8. Should the province divert funding away from policing and towards social and mental health services?

Answer: No. There is an Indigenous group called “Strength in the Circle” and The Line in Manitoba who is advocating that their police force get more funding. They want officers to get sensitivity training so they can connect better with people in high tension situations. They also want to implement cultural studies for officers with local indigenous peoples. This will help build relationships, trust, and understanding between these officers and First Nations. Most police officers are good hearted people who genuinely care about their communities. We can not punish the many for the actions of the few. Instead we should severely reprimand any officer that acts unlawfully and aggressively when the matter does not call for it. Violence should always be a last resort.

9. In the era of Black Lives Matter, should B.C. increase the penalties for hate speech?

Answer: Don’t know. I feel this is a slippery slope. It all depends on what would be considered hate speech. As a country that appreciates free speech one would think that painting such a broad brush could be counter productive and end up causing more problems in the end. Free speech includes the speech that we find repugnant. I detest derogatory terms, racism, and prejudice but does that mean I can silence someone through the law for saying it? That would be government over- reach. If we give our Government the power to restrict what people say what makes us think that it would stop at what the government defines as “hate speech?” That all being said, if we were to penalize someone for wrong speak I feel it would be for using their words to incite violence and/or destruction of property. “If liberty means anything at all, it means the right to tell people what they do not want to hear.” ― George Orwell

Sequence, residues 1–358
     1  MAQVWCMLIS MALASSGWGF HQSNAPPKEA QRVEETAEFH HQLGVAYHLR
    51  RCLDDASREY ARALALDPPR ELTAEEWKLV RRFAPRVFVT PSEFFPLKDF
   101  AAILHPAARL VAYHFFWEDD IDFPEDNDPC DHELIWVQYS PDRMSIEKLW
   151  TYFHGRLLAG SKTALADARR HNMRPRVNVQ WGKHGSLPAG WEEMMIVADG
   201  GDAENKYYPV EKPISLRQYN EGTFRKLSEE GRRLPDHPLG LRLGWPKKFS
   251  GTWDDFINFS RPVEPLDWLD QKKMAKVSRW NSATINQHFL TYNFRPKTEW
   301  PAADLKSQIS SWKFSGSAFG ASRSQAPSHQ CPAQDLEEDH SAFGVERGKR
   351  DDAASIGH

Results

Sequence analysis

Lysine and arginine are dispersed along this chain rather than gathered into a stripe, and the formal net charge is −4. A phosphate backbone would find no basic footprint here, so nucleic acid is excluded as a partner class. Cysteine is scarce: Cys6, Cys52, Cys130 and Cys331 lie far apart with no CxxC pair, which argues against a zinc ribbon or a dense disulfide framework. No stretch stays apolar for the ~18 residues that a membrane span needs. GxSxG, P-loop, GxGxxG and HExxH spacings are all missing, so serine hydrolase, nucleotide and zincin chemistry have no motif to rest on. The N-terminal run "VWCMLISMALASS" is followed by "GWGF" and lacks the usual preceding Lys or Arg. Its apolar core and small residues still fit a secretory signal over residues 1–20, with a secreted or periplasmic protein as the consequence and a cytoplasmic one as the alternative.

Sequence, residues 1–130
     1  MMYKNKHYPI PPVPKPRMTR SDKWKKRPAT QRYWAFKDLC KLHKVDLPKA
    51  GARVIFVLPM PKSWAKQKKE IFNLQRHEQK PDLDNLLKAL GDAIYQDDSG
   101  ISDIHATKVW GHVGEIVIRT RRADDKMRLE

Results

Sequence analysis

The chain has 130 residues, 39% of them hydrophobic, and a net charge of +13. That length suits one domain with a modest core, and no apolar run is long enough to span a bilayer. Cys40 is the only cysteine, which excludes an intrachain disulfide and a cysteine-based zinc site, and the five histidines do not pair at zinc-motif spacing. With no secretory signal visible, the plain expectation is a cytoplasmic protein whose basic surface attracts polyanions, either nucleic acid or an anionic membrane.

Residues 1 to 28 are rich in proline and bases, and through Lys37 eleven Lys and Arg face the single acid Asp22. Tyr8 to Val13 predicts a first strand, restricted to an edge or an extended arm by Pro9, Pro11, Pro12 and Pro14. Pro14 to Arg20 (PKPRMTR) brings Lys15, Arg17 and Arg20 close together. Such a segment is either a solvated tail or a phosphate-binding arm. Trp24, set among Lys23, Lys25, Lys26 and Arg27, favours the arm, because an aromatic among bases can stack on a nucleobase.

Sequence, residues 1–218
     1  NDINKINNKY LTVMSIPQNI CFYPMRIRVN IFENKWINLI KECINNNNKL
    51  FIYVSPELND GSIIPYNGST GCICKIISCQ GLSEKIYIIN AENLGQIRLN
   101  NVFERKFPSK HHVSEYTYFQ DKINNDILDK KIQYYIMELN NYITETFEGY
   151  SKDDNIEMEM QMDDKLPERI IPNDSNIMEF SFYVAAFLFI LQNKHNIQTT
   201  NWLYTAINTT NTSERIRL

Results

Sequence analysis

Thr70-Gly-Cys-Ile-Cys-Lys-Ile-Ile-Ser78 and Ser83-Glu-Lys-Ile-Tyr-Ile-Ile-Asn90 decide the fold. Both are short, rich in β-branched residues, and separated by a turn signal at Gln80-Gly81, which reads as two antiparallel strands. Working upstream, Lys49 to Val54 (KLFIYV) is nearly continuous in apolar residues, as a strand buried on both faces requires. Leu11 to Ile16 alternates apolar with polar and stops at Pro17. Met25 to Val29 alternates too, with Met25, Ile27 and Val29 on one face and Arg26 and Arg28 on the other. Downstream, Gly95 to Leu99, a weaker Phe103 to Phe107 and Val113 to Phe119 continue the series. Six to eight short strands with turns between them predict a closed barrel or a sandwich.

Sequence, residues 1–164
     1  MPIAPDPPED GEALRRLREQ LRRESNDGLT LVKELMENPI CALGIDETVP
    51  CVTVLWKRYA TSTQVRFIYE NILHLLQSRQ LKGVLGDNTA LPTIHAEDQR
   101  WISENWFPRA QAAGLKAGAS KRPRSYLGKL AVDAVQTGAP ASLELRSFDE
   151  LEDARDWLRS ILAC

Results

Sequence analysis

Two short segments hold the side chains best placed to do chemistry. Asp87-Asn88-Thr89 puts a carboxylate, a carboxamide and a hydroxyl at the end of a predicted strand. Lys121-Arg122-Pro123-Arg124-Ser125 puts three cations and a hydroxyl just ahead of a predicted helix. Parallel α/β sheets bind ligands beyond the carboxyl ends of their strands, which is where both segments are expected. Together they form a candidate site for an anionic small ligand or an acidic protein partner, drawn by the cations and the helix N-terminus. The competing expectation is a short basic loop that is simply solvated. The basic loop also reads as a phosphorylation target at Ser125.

10. Would you support more public schools moving to a year-round education model?

Answer: No. As someone that knows all too well the effects of bullying on a child, I feel it is important that children have that freedom over summer. It is an escape away from the stresses of school. I have some of the best memories from my childhood summers. I do not want to take that away from the kids that do not want year-round education. I also understand that many children thrive on a routine. This makes the year-round model enticing to those that need this structure in their children’s lives for them to function normally. I feel there should be an option offered to parents and their children. Give them the choice. There will be students/teachers that want the summer off and there will be students/teachers that want to attend year-round. How that would be structured is yet to be determined but where there is a will, there is always a way. I believe in having the freedom to choose. I do not want to put everyone into the same uniformed box because that restricts the freedoms of those who may not agree with the change. I prefer balancing the two by providing the choice to those using the service.

.

OTHER LOCAL CANDIDATE Q&As:

Langley Riding:

Candidate Q&A: Shelly Jan

Candidate Q&A: Bill Masse

Candidate Q&A: Andrew Mercier

Candidate Q&A: Mary Polak

.

Langley East Riding:

Candidate Q&A: Megan Dykeman

Candidate Q&A: Alex Joehl

Candidate Q&A: Margaret Kunst, BC Liberals

Candidate Q&A: Ryan Warawa

Candidate Q&A: Cheryl Wiens

________________________________

Like us on Facebook and follow us on Twitter

BC politicsBC Votes 2020Maple Ridge

Get local stories you won't find anywhere else right to your inbox.
Sign up here

Just Posted

oOties mini donuts served fresh treats at the grand opening of Lantern Park in Aldergrove last fall. (Special to the Aldergrove Star)
Free oOties mini donuts for Aldergrove residents on Valentines Day

Joti Steeves and the VIP team will bring in the food truck between 11 a.m. and 1 p.m. on Feb. 14

R.E. Mountain Secondary School parent volunteer Lorraine Baldwin and her daughter Jessica visiting the Thompson Rivers University campus in the fall. Jessica is a Grade 12 student at R.E. Mountain Secondary.